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|03:45, 21 January 2017||Conquistador||(Reply to Language fallback)|
|23:19, 15 January 2017||Nemo bis||(Reply to Language fallback)|
|16:35, 15 January 2017||Nemo bis||(Reply to Language fallback)|
|16:28, 15 January 2017||Srđan||(Reply to Language fallback)|
|16:25, 15 January 2017||Nemo bis||(Reply to Language fallback)|
|08:25, 28 December 2016||Nemo bis|
Is there some closely related language which we can fallback to? A language fallback means that translations in the other language are used when no translation in sh is available, before recurring to English (which is usually the least known language for local speakers). Some study found that sh is 94 % intelligible for sl speakers, for instance, and sl has many more translations.
Some information on identical messages in close locales:
|Language||Total messages||Of which identical to sh|
Slovene would be a bad choice. In my opinion, it'd be best to fallback to Bosnian, Serbian (Latin) and ultimately Croatian before recurring to English, and the data seems to back me up. :-)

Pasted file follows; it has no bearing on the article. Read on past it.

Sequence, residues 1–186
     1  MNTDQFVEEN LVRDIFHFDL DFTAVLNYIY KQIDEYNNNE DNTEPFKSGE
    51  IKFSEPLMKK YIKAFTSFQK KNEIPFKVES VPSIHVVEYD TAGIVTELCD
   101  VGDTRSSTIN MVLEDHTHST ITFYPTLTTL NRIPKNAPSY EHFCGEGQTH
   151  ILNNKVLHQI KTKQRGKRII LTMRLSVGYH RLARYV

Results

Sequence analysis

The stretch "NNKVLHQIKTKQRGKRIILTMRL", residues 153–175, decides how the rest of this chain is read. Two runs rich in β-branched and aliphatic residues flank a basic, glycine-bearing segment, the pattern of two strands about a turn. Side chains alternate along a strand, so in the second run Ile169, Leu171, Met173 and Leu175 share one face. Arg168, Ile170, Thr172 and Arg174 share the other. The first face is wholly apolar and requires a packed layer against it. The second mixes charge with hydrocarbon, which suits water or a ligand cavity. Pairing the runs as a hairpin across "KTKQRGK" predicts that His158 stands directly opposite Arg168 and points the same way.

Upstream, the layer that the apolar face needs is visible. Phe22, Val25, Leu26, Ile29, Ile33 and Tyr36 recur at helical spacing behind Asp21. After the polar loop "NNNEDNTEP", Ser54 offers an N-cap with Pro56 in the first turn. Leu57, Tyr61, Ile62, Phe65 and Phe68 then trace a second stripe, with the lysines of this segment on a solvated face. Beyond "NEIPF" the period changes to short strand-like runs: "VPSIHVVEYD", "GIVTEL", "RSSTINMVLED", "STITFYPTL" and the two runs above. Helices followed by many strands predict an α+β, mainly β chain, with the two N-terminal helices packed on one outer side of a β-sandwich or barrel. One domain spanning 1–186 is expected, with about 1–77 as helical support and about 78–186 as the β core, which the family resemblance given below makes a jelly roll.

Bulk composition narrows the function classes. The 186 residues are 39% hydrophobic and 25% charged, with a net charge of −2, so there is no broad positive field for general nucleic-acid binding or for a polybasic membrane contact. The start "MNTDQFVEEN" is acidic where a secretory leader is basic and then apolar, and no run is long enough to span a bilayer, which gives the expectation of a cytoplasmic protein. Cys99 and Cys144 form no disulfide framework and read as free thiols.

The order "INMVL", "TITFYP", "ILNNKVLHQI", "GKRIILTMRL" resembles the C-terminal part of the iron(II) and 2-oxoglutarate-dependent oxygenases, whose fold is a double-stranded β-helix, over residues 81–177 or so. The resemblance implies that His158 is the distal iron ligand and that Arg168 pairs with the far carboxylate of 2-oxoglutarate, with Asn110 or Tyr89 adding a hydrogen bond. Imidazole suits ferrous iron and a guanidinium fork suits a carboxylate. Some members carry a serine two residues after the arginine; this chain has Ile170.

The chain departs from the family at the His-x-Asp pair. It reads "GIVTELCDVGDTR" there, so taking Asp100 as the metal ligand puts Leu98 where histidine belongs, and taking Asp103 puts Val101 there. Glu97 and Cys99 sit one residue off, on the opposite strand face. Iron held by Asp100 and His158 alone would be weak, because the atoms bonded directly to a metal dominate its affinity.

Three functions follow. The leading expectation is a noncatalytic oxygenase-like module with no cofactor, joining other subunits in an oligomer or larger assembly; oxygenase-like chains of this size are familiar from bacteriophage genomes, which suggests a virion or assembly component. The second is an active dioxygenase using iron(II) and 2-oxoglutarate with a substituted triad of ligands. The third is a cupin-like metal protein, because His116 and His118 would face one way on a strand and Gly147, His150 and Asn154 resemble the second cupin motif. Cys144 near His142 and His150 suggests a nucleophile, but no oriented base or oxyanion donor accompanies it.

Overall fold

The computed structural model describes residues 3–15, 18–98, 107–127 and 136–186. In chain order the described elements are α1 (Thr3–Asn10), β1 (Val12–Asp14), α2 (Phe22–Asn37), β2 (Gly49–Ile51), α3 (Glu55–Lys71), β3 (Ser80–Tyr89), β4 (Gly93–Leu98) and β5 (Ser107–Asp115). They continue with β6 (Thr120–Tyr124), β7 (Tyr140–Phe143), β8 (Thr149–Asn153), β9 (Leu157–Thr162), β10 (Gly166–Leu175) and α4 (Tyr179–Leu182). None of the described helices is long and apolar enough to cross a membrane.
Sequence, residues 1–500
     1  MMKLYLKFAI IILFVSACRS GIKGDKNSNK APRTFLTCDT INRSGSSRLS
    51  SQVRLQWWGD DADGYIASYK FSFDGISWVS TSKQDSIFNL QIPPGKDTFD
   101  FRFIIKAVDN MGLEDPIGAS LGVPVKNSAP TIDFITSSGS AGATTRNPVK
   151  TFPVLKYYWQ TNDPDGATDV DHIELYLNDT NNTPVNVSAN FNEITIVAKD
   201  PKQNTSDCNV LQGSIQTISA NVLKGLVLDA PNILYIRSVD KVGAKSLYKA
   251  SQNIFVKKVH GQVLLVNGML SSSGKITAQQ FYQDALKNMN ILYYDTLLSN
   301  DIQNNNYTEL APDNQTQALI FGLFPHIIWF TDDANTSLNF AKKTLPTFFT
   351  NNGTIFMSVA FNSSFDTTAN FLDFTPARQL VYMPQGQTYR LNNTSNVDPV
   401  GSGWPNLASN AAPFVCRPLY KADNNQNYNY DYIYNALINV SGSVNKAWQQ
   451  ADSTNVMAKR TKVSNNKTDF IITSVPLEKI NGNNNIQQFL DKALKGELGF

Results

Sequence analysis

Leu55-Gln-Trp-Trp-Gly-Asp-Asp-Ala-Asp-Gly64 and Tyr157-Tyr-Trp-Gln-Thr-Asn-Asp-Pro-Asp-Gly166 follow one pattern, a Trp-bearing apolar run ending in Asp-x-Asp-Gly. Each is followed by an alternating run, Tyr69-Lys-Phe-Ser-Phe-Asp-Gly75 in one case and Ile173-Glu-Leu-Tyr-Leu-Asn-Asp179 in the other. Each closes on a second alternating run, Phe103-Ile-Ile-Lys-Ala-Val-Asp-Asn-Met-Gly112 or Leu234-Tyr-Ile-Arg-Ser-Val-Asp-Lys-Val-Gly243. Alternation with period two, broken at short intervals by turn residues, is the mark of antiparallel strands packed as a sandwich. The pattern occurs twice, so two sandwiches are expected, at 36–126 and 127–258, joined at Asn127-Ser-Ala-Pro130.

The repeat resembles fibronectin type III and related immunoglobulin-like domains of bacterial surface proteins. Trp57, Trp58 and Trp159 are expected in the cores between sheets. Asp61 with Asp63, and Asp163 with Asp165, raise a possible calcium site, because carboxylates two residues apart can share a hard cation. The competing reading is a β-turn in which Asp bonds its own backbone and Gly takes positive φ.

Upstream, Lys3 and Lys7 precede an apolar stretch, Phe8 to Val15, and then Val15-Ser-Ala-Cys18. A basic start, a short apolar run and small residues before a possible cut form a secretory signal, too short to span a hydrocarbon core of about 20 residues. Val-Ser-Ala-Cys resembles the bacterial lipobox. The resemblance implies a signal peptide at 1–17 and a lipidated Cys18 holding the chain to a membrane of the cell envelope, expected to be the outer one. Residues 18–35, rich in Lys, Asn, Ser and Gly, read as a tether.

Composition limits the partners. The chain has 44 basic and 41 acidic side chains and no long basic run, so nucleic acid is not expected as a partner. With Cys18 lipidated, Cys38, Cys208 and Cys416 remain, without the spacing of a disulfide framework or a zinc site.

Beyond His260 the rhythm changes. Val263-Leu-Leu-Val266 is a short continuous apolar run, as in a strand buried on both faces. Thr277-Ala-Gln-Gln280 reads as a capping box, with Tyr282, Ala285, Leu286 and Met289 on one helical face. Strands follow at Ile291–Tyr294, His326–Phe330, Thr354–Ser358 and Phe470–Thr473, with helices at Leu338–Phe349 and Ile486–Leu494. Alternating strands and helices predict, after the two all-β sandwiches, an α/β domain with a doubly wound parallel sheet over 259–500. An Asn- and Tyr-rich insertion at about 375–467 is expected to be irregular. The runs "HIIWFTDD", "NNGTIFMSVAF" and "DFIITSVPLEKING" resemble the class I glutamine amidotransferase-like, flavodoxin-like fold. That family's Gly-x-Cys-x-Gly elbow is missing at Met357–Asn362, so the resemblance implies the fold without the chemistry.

I thought hr before sr: messages are identical in 11.5 % and 10 % of cases respectively. I guess either may make sense.
I completely agree with Srdjan m. Just to add up, Bosnian, Croatian, Montenegrin, and Serbian are synonymous names for Serbo-Croatian, a name used by linguistic academia world-wide with the exception of scholars in each of the Serbo-Croatian-speaking countries, at least a significant number of them, who cannot reach an agreement regarding the name of their standard language. Slovene has a less mutual intelligibility with Serbo-Croatian and is always translated in Serbo-Croatian-speaking media (TV and radio), so it is better to stick to the Serbo-Croatian varieties or to recur to English.